Tuesday, April 26, 2016

KSA of the Day: The Concept of Attachment and Bonding

Attachment and bonding may or may not come up on the social work licensing exam. But they'll come up every day you're a living and breathing social worker (and person). Preparing for the exam is a good excuse to gain a better, deeper understanding of the thinking and theorizing on the subject.

What springs to mind when you hear "attachment and bonding"? How about John Bowlby? How about Mary Ainsworth? How about Harlow's monkey?

Let's start with the monkey.

Harlow's monkey gets milk from a fake wire monkey, but clings to the cozier fake cloth monkey. Attachment and bonding!

Attachment theory can't be summed up quite as quickly. But how's this: Attachment theory posits that attachment isn't a byproduct of other psychological drives, but an essential drive in and of itself. Attachment is so crucial that the quality of early attachments affects the way a person relates to others for their entire lifetime. Attachment researchers have identified several typical patterns of attachment between infants and caregivers--some secure and some insecure--and witnessed their longterm stickiness. Young children with a certain attachment pattern grow into adults with that same attachment pattern.

But don't just take it from this blog. Read up. Here are some places to get smart and smarter about attachment:
That should do it to get your prepared for attachment and bonding questions on the ASWB exam.
Stay cozy and good luck!

Tuesday, April 12, 2016

Motivational Interviewing and the ASWB Exam

Motivational interviewing comes up in regular social work practice all the time, even if people don't always refer to what they're doing as motivational interview. Same goes for the ASWB exam. Knowing motivational interviewing basics will help you in your practice and help you pass the test. So get learning!. Here are some basics via Wikipedia:

Motivational interviewing (MI) refers to a counseling approach in part developed by clinical psychologists Professor William R Miller, Ph.D. and Professor Stephen Rollnick, Ph.D. Motivational Interviewing is a method that works on facilitating and engaging intrinsic motivation within the client in order to change behavior.[2] MI is a goal-oriented, client-centered counseling style for eliciting behavior change by helping clients to explore and resolve ambivalence. Compared with non-directive counseling, it's more focused and goal-directed. It departs from traditional Rogerian client-centered therapy through this use of direction, in which therapists attempt to influence clients to consider making changes, rather than non-directively explore themselves. The examination and resolution of ambivalence is a central purpose, and the counselor is intentionally directive in pursuing this goal.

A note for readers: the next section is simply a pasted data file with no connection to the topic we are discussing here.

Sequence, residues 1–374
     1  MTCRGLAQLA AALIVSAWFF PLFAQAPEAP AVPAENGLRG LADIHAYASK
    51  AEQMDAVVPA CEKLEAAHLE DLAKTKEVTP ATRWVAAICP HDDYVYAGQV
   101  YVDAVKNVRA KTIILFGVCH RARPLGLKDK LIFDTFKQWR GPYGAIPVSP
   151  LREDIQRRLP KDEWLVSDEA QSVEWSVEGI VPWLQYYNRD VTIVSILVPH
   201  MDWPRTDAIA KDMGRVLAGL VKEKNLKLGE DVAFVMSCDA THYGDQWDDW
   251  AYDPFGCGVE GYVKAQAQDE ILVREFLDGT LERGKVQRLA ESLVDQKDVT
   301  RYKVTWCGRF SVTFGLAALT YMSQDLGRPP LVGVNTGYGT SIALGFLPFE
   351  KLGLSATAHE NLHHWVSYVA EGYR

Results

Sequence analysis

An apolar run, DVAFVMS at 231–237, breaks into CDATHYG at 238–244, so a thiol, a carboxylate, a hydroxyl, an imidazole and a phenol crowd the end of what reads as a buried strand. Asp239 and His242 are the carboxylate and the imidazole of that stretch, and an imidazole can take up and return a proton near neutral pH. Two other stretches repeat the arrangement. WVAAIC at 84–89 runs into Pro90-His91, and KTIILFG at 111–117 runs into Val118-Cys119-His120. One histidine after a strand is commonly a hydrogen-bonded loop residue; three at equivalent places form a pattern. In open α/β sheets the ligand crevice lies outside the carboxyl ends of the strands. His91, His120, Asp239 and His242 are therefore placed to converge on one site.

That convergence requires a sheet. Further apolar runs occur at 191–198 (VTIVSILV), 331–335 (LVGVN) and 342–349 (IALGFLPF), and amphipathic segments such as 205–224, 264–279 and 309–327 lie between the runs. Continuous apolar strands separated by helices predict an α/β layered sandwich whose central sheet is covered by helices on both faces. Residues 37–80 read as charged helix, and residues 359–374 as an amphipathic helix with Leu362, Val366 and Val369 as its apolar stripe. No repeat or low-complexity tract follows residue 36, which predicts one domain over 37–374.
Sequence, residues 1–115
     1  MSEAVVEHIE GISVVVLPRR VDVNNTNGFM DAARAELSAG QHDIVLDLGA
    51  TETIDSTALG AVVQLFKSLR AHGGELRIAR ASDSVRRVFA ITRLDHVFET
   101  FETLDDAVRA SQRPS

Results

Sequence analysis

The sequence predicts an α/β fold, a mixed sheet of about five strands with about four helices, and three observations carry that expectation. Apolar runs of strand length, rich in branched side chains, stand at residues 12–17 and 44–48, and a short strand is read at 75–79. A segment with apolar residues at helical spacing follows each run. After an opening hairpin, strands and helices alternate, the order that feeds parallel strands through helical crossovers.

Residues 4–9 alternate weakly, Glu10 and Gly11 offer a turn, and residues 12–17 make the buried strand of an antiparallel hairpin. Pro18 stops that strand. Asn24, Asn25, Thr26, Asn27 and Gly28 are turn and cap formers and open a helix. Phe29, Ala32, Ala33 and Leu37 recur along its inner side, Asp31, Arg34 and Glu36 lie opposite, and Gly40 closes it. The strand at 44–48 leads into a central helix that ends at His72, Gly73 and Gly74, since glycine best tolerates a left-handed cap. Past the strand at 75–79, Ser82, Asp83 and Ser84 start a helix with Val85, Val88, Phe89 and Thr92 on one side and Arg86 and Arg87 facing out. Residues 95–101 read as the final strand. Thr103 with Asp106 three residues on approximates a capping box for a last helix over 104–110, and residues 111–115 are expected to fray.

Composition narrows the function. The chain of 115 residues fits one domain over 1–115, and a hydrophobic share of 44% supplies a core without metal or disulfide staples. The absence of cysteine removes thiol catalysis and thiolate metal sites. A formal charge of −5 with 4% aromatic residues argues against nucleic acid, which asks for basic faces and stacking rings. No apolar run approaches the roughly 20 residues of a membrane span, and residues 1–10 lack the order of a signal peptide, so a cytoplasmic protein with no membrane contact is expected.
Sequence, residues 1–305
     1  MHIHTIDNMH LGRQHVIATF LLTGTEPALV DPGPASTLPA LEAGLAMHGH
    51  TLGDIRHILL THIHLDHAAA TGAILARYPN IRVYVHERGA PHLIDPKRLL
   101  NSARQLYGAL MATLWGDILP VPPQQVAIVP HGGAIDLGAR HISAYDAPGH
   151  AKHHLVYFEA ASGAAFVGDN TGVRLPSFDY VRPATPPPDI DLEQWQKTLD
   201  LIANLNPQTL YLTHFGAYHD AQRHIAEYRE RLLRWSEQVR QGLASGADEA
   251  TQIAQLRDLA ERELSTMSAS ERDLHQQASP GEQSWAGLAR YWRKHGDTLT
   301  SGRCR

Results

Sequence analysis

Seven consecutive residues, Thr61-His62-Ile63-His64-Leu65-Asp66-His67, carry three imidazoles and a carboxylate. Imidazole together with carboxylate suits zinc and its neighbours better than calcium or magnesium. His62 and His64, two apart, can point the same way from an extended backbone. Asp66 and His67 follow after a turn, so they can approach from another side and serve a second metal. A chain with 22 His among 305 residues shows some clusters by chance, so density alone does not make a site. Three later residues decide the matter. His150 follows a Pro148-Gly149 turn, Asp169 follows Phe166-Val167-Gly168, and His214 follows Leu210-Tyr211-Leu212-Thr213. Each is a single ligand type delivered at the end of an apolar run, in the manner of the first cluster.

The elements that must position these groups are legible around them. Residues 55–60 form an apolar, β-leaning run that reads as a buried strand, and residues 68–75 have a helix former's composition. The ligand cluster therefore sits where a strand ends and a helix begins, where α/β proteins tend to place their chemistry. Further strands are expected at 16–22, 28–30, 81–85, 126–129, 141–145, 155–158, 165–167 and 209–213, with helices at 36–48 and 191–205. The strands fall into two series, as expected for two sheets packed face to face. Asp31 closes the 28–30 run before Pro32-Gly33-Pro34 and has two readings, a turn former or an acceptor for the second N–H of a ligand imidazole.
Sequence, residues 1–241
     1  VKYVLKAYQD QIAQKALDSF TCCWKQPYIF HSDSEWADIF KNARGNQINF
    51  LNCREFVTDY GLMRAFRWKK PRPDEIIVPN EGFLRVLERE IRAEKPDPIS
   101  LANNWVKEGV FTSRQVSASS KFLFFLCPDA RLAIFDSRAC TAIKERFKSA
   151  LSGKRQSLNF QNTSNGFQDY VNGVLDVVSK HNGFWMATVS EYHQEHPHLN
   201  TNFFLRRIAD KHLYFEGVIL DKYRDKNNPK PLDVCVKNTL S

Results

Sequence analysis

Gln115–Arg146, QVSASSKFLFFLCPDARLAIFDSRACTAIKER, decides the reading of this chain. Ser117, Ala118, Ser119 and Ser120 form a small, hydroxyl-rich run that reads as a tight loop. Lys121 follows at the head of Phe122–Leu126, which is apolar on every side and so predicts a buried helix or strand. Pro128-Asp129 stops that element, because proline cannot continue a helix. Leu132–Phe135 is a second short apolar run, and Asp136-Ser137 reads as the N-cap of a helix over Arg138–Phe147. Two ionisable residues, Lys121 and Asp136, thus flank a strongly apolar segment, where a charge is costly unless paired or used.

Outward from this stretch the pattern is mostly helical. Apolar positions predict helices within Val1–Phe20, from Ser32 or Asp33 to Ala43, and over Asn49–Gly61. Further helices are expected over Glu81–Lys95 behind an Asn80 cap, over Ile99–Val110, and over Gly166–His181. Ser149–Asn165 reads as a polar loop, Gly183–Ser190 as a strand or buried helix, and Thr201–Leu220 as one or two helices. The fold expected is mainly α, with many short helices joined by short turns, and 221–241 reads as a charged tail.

A few key points in MI (also via Wikipedia):
  1. Motivation to change is elicited from the client, and is not imposed from outside forces.
  2. It is the client's task, not the counselor's, to articulate and resolve the client's ambivalence.
  3. Direct persuasion is not an effective method for resolving ambivalence.
  4. The counseling style is generally quiet and elicits information from the client.
  5. The counselor is directive, in that they help the client to examine and resolve ambivalence.
  6. Readiness to change is not a trait of the client, but a fluctuating result of interpersonal interaction.
  7. The therapeutic relationship resembles a partnership or companionship.
Sound familiar?

Here's MI summed up in a 17 minute video:

For more motivational interviewing wisdom from around the web, try:
Happy studying. Happy exam-passing!

Social Work Exam Practice...Books

We've linked almost exclusively to online practice exams. You take the real exam on a computer, so prepping on a computer makes good sense. But for some, being able to grip a practice exam, scribble on it, and, if necessary, tear it, stomp on it, and/or throw it across the room are deeply desired qualities.

Great for all of these reasons: SWTP's newly published pair of practice tests, now available on Amazon and elsewhere. The exams are the same as SWTP's ASWB Exams #1 & #2. If you already have those, move on. If you don't and order the books, you get access to the online versions of those exam as part of your purchase. Do that and you're studying every which way.